So, if you’re a developer who understands how to approach problems the way that computer scientists intended, you’ll be able to write code that is much more efficient than a developer who doesn’t understand algorithms.

Recursion

Recursion is a method of programming that comes in handy in a variety of different situations. It’s a computer science trick that’s based on a divide and conquer (D&C) mentality that breaks a complex problem into more specific subproblems of a similar type.

Let me get into what that actually means.

Recursion is all about thinking about things that are related. You can describe it by making rules of nested elements. A famous example is saying the rule:

All boats should have a lifeboat in case the boat sinks.

If you go a step further, the lifeboat itself should have a lifeboat. And that lifeboat should have one, too. Things that are recursive in nature have an endless process.

Another real world example of recursion is a Russian matryoshka doll. You know, those little dolls that are nested within another doll.

via GIPHY

By using the divide and conquer programming mentality of recursion to solve problems, you’re able to solve difficult problems with simple code.

This is something that comes up all the time for developers.

On top of that, it’s pretty common to be expected to know how to use a recursive approach to solving problems while on the technical interview, which is the only thing between you and your new job as a developer.

Trees, optimal algorithms, and recursion are 3 aspects of computer science that help developers solve everyday problems.

But not all aspects of Computer Science are applicable to everyday programming!

Despite having plenty of aspects of Computer Science that are useful in everyday type work, there are some aspects of computer science that aren’t practical in day-to-day coding.

In college, I majored in Computer Science. In the process of getting my degree, I learned some stuff that I never used and pretty much immediately forgot. I’m talking about things like:

  • Deterministic & Non-deterministic Finite Automata
  • OSI Network Layer Protocols
  • An emphasis on how databases are built, vs. actually using them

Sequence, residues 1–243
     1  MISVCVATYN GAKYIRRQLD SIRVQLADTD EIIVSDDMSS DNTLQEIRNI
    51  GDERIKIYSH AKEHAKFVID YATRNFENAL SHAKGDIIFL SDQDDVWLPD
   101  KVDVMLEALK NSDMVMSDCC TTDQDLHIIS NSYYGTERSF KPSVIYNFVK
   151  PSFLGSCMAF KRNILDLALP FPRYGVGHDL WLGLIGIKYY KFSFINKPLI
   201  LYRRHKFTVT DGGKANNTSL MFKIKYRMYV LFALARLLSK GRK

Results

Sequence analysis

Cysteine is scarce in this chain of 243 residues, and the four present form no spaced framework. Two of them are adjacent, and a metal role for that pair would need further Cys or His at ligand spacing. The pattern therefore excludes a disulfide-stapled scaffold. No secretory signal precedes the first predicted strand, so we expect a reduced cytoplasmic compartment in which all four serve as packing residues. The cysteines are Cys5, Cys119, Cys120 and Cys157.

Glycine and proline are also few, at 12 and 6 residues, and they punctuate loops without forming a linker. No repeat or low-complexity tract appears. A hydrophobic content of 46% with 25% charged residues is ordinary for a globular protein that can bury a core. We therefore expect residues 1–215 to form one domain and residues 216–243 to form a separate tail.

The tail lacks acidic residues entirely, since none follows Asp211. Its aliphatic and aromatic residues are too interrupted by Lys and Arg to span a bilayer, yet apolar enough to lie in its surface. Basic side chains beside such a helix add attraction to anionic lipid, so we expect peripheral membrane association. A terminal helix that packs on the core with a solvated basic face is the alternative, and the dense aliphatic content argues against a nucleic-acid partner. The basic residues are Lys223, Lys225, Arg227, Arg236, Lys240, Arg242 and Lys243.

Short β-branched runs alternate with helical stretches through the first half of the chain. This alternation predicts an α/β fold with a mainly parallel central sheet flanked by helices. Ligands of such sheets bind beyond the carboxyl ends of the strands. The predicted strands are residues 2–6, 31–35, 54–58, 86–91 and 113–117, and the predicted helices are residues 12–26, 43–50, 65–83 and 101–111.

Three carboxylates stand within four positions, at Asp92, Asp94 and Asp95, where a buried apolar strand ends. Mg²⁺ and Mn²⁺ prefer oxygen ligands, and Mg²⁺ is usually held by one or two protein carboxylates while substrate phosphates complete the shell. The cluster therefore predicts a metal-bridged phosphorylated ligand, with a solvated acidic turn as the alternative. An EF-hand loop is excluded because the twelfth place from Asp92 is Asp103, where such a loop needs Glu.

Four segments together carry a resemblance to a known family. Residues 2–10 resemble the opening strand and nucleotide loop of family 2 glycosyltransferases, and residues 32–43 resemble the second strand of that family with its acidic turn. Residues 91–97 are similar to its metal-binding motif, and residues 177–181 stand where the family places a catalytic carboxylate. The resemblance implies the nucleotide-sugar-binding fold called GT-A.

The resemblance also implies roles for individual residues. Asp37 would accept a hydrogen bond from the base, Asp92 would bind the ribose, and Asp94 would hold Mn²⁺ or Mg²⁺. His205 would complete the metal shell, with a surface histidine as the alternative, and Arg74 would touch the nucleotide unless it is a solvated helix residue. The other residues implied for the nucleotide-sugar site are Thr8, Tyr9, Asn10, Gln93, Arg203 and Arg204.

• Calculus, Physics, and electives

There are plenty of reasons why getting a Computer Science degree can make sense.  

But it’s important to know that you don’t need a CS degree to learn the practical aspects of Computer Science fundamentals that will give you the foundation you need to become a developer.

Some coding bootcamps teach essential computer science fundamentals.

We do it at Firehose. We do it because we’ve always believed that an understanding of these foundational skills is key to landing your first developer job and setting yourself up for a long and successful career.

An understanding of things like trees, algorithms, and recursion, are an essential part of your developer tool belt. If you don’t have them, it’s easy to fall into the trap of things like:

  • Doing more work than is necessary (writing more lines of code)
  • Finding solutions that aren’t as optimal
  • Not applying well-known correct solutions to your problems

If you want to become a programmer, spend time learning the Computer Science fundamentals that matter.

It might not be the flashiest stuff. But it helps you solve real-world problems and will pay dividends as you move forward in your career as a developer.

Learn more about the Firehose approach to teaching key CS fundamentals on our curriculum page.

 

AuthorKen Mazaika

Ken Mazaika is the CTO and co-founder at Firehose. Previously, he was a tech lead at WHERE.com (acquired by PayPal) and a member of the PayPal/eBay development team in Boston.